Cornelissen in London makes the best bristle brushes I’ve ever owned. They finally have an online store which is great, as getting to central London is a pain and their staff aren’t particularly friendly (I got in trouble there once for checking unfamiliar turpentine brands for mineral spirits and the clerk thought I was getting high). The series 44 are the ones I use. They are more expensive than other brands but they are built like tanks and last forever. Mine usually get worn down to a triangle shape after years of use.

For sables, Zecchi has the best quality brushes I’ve found. The red-handled ‘cat-tongue’ sables are very useful for drawing with your paint. They are also pricey (though cheaper than much of the competition), but will last a long time if properly looked after.

I get asked a lot about brush care. I clean mine about once a week with soap and cold water. In the meantime I keep them in the freezer at night so they wont dry out.

Bristle brushes I wrap individually with a little piece of paper towel to pull out the water and keep the shape. Sables I leave a bit of soap in and make a point with the hairs so they dry with a sharp tip.

Blaming the Materials

Here are a couple of sketches from my plein air workshop near Volterra. The first I’m happy with, the second is awful.

volterra Blaming the Materials

San Giusto, Volterra. 20 x 30 cm, oil on panel.

P1180057 Blaming the Materials

San Giusto, Volterra. 25 x 35 cm, oil on panel.

The sketch above isn’t my fault. Really. Every month I make dozens of sketches and I usually buy large quantities of the gessoed boards from Zecchi. A few months back I got a batch from them where their subcontractor had messed up the proportions of the gesso and there wasn’t enough glue. The boards are too absorbent and are utterly unusable. Somehow they got mixed up into the next batch of boards I ordered and every now and then I find I’m trying to paint on one. It is impossible for me to pull anything decent off with one of these boards. I’ve had to throw away the ten or so paintings from the times I’ve insisted on trying.

On our workshops we give the students a full painting kit. It makes it easier for those who have to travel, but the reason we do it is really that we got tired of students arriving with unusable materials. Rubens couldn’t paint with some of the set-ups these people arrived with. Often they don’t have the experience to recognize that it’s their materials that are the problem. Since we started giving out full kits, we’ve seen a marked improvement in the students paintings. They are able to focus on learning to paint.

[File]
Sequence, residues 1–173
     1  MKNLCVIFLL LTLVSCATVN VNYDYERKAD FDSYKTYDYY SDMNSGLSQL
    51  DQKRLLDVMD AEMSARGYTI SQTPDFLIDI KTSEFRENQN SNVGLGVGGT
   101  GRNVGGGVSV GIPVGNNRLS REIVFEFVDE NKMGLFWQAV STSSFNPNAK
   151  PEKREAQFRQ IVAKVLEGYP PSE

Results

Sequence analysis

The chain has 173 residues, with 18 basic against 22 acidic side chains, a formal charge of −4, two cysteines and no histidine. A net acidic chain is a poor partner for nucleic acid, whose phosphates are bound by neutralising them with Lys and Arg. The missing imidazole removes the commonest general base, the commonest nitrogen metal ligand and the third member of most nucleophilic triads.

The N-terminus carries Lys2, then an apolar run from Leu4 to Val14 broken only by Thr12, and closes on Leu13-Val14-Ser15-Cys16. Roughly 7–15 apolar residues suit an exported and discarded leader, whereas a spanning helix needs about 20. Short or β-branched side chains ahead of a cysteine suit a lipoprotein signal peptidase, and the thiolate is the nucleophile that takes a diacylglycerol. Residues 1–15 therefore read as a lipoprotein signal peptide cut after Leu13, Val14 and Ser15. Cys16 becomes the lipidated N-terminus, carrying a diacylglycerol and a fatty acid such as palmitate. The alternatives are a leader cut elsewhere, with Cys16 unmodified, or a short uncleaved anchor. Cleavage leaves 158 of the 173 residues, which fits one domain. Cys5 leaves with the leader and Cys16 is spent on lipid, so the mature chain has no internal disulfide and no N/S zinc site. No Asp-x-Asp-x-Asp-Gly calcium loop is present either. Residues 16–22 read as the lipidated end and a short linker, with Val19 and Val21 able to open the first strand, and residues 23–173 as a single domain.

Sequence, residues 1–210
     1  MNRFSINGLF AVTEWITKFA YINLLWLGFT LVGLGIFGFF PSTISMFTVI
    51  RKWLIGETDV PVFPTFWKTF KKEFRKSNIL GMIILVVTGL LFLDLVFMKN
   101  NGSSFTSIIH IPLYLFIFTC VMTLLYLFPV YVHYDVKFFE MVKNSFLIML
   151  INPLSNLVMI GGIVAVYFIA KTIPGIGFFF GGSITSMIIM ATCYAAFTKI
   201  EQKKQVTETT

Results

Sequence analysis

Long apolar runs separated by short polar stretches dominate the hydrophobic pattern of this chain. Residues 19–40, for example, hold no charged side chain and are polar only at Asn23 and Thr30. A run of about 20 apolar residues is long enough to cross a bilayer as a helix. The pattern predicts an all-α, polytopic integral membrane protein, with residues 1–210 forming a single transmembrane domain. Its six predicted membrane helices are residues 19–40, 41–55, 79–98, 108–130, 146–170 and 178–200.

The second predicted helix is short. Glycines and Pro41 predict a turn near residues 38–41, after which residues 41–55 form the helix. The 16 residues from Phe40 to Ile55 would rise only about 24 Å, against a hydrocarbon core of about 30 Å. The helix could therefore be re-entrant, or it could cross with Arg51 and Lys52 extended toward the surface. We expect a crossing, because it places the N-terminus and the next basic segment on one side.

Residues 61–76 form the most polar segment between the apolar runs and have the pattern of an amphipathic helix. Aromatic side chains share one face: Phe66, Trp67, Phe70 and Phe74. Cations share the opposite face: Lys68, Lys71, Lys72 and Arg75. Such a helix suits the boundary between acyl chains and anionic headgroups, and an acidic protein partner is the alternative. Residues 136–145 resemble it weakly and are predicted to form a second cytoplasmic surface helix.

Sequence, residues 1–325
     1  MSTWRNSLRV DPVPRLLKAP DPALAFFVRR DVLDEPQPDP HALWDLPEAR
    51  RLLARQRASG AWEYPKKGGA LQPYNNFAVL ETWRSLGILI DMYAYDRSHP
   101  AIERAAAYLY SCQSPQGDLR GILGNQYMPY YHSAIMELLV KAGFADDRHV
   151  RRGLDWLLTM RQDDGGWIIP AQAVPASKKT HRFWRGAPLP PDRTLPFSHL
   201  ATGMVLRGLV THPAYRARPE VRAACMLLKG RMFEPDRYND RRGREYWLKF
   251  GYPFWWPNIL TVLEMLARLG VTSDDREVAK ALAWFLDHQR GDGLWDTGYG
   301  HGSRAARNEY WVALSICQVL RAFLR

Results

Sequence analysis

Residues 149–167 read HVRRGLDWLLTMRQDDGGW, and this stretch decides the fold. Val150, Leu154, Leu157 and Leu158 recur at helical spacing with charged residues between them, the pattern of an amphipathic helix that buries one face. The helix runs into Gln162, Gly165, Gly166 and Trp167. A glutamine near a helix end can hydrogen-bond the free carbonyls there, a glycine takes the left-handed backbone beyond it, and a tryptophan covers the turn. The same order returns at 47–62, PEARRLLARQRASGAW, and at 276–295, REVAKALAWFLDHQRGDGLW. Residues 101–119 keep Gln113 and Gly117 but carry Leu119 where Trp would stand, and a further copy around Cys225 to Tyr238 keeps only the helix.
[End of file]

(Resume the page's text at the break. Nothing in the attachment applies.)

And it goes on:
Good quality painting materials don’t have to be expensive either. Here in Florence we find the Zecchi brand is fine for paints (for dark ultramarine we use Old Holland). In the US, Blue Ridge and M. Graham both make excellent paint for reasonable prices. Often ‘student-grade’ paints are so full of fillers that to change one color you have to add a ton of the other one. This means the cost savings is gone when you calculate how much paint you actually have to use.

Good boards are cheap. Ray Mar is a good supplier in the US, Zecchi in Europe (when they get them right), or make your own. I use a cigar-box clipped to a $50 easel for most of my sketches. Brushes are really important but they don’t have to be expensive and will last for years if looked after properly. There is no excuse to skimp on materials if you care about painting.

At the end of the day, painting is hard enough without fighting your materials.

Zecchi’s Antichi Maestri Medium

antichi maestri Zecchis Antichi Maestri Medium

Zecchi is now selling the medium I recommend pre-mixed to save painters the trouble of making their own. The recipe is the usual: 1 part Canada balsam cut with 1 part turpentine, and then that mixture is added to 2 parts Zecchi sun-thickened linseed oil. The item number is 3882 ” Medium Antichi Maestri” and the price is €12 for a 125ml bottle and €22,50 euro for the 250ml bottle. (They ship abroad too, check out their website for more details).

I tried to get them to name it after Theodore de Mayerne or to call it the “Cecilian medium” as Charles Cecil developed a similar version (adding mastic varnish) based on his reading of de Mayerne’s manuscript on 17th century painting techniques Zecchis Antichi Maestri Medium, but no dice.

‘Old Master Medium’ is so trite.

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Myanmar preparations

canvases1 Myanmar preparations

My stretcher bars on the raw linen.

canvases Myanmar preparations

My canvas suitcase a week later.

paintbox Myanmar preparations

My trustworthy Julian half-box.

I’ll be in Myanmar (Burma) for the next month, painting plein air landscapes so no updates for a while. I don’t think I’ll have any internet access.

We’ve been given a house to use near Bagan, and the place looks incredible. I’ll be traveling with a small group of plein air painters with whom I’ve been doing this sort of thing for years. We get given a house somewhere warm during the Italian winter and we stay a month or two and paint the surrounding area. Past trips have included India, Morocco, Kenya, Puglia and Mexico.

In this case we will be having a charity exhibition when we get back with the paintings. Our host runs charitable organizations in Myanmar and the proceeds will go to these charities.